GWEN IFILL: I hate to keep coming back to the food safety issue, but when people think about foods and what the government's role is in regulating foods, they think about things like e.Coli and salmonella. What you're proposing what not change government regulation that would stop those diseases at all.
DAN GLICKMAN: It doesn't change them at all. Again, we primarily deal with meat and poultry, USDA. All of that is inspected and it will continue to be inspected. And, in fact, we're having some real success in reducing the amount of salmonella in both meat and poultry.
GWEN IFILL: Frito Lay, a big food producer of snack foods, announced I guess it was last month that they were going to ask their growers to try to use organically grown materials. Does that make a difference? Or is that just a kind of -- is that a PR thing or is that something -
DAN GLICKMAN: Right now there's a lot of concern and confusion about genetically modified organisms out there. The Europeans are having some resistance to them, and that's causing some concerns with large food manufacturers about selling product. After all, Frito Lay, if it sells its potato chips or Fritos, whatever they sell, overseas, they want to make sure there's a market there for them, and so because of the European resistance to genetically modified organisms, there is some attempt on their part and others to go to using either organic or non GMO corn or whatever products they use in their food. But I think ultimately this is going to settle out. Most people are going to believe that genetically modified organisms can be safe and effective and nutritious and also environmentally positive. But there will also be a group of people who want non-synthetic or natural foods to eat. And that's what we're trying to do here is to make sure the market is clear and they have the ability to sell these products at home and around the world.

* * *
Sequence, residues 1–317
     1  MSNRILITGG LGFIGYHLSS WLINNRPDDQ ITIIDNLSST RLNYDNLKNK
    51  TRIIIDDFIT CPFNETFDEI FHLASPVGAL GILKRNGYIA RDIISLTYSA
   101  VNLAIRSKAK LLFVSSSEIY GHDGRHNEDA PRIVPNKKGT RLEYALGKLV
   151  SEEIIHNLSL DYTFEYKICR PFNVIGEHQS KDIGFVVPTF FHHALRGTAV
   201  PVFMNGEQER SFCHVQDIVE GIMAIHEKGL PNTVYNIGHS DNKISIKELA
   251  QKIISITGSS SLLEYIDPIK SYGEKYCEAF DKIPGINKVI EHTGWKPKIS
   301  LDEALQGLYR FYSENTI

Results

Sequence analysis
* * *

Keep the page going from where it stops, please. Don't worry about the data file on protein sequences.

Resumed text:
GWEN IFILL: If, indeed, companies like Frito Lay, we hate to beat up on one manufacturer but a company like Frito Lay sees that it's in their marketing interest to make these adjustments, what's the need for government regulation?
DAN GLICKMAN: Well, again, I should have said this in the beginning. The need is Congress orders us to do this. Now, let me say this: A lot of people are both positive and critical to what we're doing. But in 1990 the Congress passed a bill, I was in the Congress then, I think I voted for this bill, that mandated that the Department of Agriculture come up with organic standards. We're not just doing this on our own. The Congress, the efforts of Senator Leahy and others decided this is what they wanted to do to grow a new market in agriculture. So, it's taken us a long ten years. I had more hair when I started this process than I do right now. It's taken us a long time but we're finally getting there.
GWEN IFILL: Agriculture Secretary Dan Glickman, thank you very much.
DAN GLICKMAN: You're welcome, Gwen.